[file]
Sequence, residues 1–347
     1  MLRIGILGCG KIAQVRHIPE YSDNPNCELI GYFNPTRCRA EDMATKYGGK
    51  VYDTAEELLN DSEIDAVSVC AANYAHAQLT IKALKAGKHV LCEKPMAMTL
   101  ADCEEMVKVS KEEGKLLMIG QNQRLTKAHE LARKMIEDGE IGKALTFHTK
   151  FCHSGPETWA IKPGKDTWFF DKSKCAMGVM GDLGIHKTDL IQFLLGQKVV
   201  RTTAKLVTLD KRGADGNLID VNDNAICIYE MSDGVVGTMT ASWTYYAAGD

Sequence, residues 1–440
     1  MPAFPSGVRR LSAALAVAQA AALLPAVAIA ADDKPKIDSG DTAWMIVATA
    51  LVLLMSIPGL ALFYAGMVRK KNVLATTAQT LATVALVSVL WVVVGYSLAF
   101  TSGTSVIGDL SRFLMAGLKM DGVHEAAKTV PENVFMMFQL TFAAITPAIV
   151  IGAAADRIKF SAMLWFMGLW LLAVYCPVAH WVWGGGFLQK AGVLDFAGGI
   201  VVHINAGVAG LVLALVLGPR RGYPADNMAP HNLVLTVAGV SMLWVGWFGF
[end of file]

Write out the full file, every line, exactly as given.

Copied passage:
Sequence, residues 1–347
     1  MLRIGILGCG KIAQVRHIPE YSDNPNCELI GYFNPTRCRA EDMATKYGGK
    51  VYDTAEELLN DSEIDAVSVC AANYAHAQLT IKALKAGKHV LCEKPMAMTL
   101  ADCEEMVKVS KEEGKLLMIG QNQRLTKAHE LARKMIEDGE IGKALTFHTK
   151  FCHSGPETWA IKPGKDTWFF DKSKCAMGVM GDLGIHKTDL IQFLLGQKVV
   201  RTTAKLVTLD KRGADGNLID VNDNAICIYE MSDGVVGTMT ASWTYYAAGD

Sequence, residues 1–440
     1  MPAFPSGVRR LSAALAVAQA AALLPAVAIA ADDKPKIDSG DTAWMIVATA
    51  LVLLMSIPGL ALFYAGMVRK KNVLATTAQT LATVALVSVL WVVVGYSLAF
   101  TSGTSVIGDL SRFLMAGLKM DGVHEAAKTV PENVFMMFQL TFAAITPAIV
   151  IGAAADRIKF SAMLWFMGLW LLAVYCPVAH WVWGGGFLQK AGVLDFAGGI
   201  VVHINAGVAG LVLALVLGPR RGYPADNMAP HNLVLTVAGV SMLWVGWFGF